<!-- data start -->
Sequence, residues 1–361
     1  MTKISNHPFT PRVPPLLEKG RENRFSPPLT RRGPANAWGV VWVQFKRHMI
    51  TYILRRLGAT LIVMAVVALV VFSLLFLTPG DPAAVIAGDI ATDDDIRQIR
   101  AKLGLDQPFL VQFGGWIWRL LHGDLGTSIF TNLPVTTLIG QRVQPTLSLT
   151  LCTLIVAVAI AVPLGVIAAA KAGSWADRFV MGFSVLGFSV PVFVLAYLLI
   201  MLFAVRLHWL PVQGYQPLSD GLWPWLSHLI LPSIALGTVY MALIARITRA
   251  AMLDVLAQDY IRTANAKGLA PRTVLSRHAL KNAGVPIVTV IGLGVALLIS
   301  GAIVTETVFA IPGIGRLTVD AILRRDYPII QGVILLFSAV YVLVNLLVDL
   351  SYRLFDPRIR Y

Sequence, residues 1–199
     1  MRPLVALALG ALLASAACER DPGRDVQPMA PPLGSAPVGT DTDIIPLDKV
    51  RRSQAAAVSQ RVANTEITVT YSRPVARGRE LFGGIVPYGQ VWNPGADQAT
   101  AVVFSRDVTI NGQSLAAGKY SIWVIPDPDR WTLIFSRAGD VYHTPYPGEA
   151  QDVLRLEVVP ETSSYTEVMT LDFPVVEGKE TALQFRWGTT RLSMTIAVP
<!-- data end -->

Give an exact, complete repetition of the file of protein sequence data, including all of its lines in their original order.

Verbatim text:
Sequence, residues 1–361
     1  MTKISNHPFT PRVPPLLEKG RENRFSPPLT RRGPANAWGV VWVQFKRHMI
    51  TYILRRLGAT LIVMAVVALV VFSLLFLTPG DPAAVIAGDI ATDDDIRQIR
   101  AKLGLDQPFL VQFGGWIWRL LHGDLGTSIF TNLPVTTLIG QRVQPTLSLT
   151  LCTLIVAVAI AVPLGVIAAA KAGSWADRFV MGFSVLGFSV PVFVLAYLLI
   201  MLFAVRLHWL PVQGYQPLSD GLWPWLSHLI LPSIALGTVY MALIARITRA
   251  AMLDVLAQDY IRTANAKGLA PRTVLSRHAL KNAGVPIVTV IGLGVALLIS
   301  GAIVTETVFA IPGIGRLTVD AILRRDYPII QGVILLFSAV YVLVNLLVDL
   351  SYRLFDPRIR Y

Sequence, residues 1–199
     1  MRPLVALALG ALLASAACER DPGRDVQPMA PPLGSAPVGT DTDIIPLDKV
    51  RRSQAAAVSQ RVANTEITVT YSRPVARGRE LFGGIVPYGQ VWNPGADQAT
   101  AVVFSRDVTI NGQSLAAGKY SIWVIPDPDR WTLIFSRAGD VYHTPYPGEA
   151  QDVLRLEVVP ETSSYTEVMT LDFPVVEGKE TALQFRWGTT RLSMTIAVP